Review by Retro
Reviewed: 04/18/01 | Updated: 05/02/03
It's as cool as its title
There are some things that I'm automatically drawn to simply by their name and look. When I first read the title of a book called ''The Ultimate History of Video Games'' and saw its cover, it shot straight to the top of my must-get list right away. Growing up, I always wanted to be a meteorologist, until I found out how much physics, calculus, and chemistry that I'd have to take. Anything that had to do with weather, especially tornadoes, was always a major turn on for me.
Moon Patrol. That just sounds cool. Patrolling the moon. Upon glancing at the screenshots on the back of the box at Toys 'R Us and seeing those crisp starry skies and the 2-D terrain of the moon with alien aircrafts overhead, I knew exactly what I wanted to buy. I haven't ever had the chance to play Moon Patrol in the arcades, but I can tell that no matter how great the arcade original was, Moon Patrol for the Atari 2600 just has to be an excellent arcade to console conversion.
Traveling millions of miles just to strap on a space suit and hop around on the moon is boring. Wouldn't you rather take a joyride on the moon in a moon rover? That's what you'll be doing in Moon Patrol, except that it'll be anything but a joyride. Your moon rover appears to walk on the moon, with legs, or wheels, that move from back to front constantly, as if it thinks it's human. While traveling from left to right in 2-D side-scrolling fashion, batches of alien spaceships invade the dark skies above you. Many of these extraterrestrial enemies resemble pink flies; some are more normal-looking yellow spaceships, and several appear to be white asterisks. All of these enemies drop missiles that look laughably harmless, but they're anything but. Your ship is far from invincible; just one hit from a falling missile will make your ship explode into several tiny bits. The spinning white enemies can even make fresh new holes in the ground when one of their missiles hit the surface.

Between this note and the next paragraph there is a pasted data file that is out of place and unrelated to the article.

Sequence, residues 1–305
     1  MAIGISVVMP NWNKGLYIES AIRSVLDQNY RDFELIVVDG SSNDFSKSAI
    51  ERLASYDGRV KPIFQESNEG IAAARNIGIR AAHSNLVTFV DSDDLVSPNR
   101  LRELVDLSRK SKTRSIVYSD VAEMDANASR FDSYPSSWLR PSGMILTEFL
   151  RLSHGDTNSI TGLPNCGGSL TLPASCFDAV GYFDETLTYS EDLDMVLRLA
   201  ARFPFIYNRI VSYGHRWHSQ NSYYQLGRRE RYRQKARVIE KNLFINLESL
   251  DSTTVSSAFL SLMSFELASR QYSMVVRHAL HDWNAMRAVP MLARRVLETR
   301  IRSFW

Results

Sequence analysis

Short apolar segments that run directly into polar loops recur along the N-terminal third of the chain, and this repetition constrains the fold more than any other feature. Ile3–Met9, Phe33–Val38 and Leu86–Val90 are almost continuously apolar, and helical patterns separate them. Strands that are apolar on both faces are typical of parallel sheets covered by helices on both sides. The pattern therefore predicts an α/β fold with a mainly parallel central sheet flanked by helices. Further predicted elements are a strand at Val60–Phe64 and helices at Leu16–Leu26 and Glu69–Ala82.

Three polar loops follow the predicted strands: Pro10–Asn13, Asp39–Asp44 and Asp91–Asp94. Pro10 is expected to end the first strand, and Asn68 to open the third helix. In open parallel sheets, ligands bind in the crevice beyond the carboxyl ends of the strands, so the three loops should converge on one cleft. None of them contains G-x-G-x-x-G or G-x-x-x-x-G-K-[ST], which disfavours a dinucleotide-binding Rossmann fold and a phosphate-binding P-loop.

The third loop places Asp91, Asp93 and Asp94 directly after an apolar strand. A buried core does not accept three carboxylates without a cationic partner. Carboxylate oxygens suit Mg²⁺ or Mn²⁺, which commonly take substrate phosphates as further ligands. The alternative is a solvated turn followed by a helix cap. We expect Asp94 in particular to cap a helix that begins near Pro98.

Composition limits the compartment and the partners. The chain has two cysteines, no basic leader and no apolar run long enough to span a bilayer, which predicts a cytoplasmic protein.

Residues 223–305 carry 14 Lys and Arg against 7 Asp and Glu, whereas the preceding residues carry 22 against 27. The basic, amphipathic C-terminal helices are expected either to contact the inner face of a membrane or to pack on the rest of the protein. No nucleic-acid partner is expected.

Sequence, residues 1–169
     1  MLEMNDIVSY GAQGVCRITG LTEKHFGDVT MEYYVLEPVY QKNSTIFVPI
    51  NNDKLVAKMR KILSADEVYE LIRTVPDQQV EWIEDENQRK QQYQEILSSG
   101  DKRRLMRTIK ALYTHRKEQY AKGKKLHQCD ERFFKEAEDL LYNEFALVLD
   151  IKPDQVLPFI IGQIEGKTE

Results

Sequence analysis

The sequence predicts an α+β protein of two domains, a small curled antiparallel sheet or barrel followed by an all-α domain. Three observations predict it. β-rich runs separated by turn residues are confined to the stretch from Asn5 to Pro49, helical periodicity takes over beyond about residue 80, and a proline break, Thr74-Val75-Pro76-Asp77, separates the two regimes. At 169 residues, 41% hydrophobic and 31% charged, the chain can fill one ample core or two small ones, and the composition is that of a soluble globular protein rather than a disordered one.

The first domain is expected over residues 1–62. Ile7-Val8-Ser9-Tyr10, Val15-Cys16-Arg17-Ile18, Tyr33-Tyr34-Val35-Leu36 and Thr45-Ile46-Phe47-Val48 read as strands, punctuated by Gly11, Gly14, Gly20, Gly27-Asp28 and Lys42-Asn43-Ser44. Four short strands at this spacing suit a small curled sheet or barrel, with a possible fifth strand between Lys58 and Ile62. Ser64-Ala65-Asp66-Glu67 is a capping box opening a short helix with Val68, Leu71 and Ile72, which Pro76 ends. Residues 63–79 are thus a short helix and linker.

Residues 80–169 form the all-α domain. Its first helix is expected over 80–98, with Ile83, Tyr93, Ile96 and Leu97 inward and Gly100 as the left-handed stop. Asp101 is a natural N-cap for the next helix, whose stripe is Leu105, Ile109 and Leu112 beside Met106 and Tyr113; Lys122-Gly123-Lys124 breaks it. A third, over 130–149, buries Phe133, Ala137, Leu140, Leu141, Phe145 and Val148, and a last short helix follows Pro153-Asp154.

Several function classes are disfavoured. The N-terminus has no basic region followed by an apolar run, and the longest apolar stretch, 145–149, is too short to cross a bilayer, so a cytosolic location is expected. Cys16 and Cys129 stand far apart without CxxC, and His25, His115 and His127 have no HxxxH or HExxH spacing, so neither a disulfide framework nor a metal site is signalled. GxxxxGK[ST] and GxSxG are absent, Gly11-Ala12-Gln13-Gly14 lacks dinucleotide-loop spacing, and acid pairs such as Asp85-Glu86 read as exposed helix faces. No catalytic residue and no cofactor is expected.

While your vehicle is walking along on the ground, you will come up on several holes in the ground, tree-looking barriers that stand in your way, and even flashing underground mines. Craters and mines must simply be jumped over by pushing up on the joystick. The enemy aircrafts and ground obstacles such as trees and futuristic-looking enemy tanks are waiting to be shot to death. Pressing the button on your joystick will allow you to shoot a bullet out the top of your ship and in front of your ship at the same time. Therefore, you could simultaneously destroy a standing barrier in front of you and a spaceship that is hovering above you. That's neat.
When it looks like one of the missiles from your out of this world enemies up above is definitely going to fall on top of your automobile, you can push left to slow down and move a little to the left, or move right and speed up a little. You will also need to move left to slow down when you have two obstacles on the ground that are spread just a bit apart. That way, you'll be able to jump over both of them one at a time without over-jumping and falling bottom-first into a crater. When two holes are right next to each other, seemingly merged to form one big crevice, you'll need to do the opposite so you won't under-jump. It's all strategy, baby.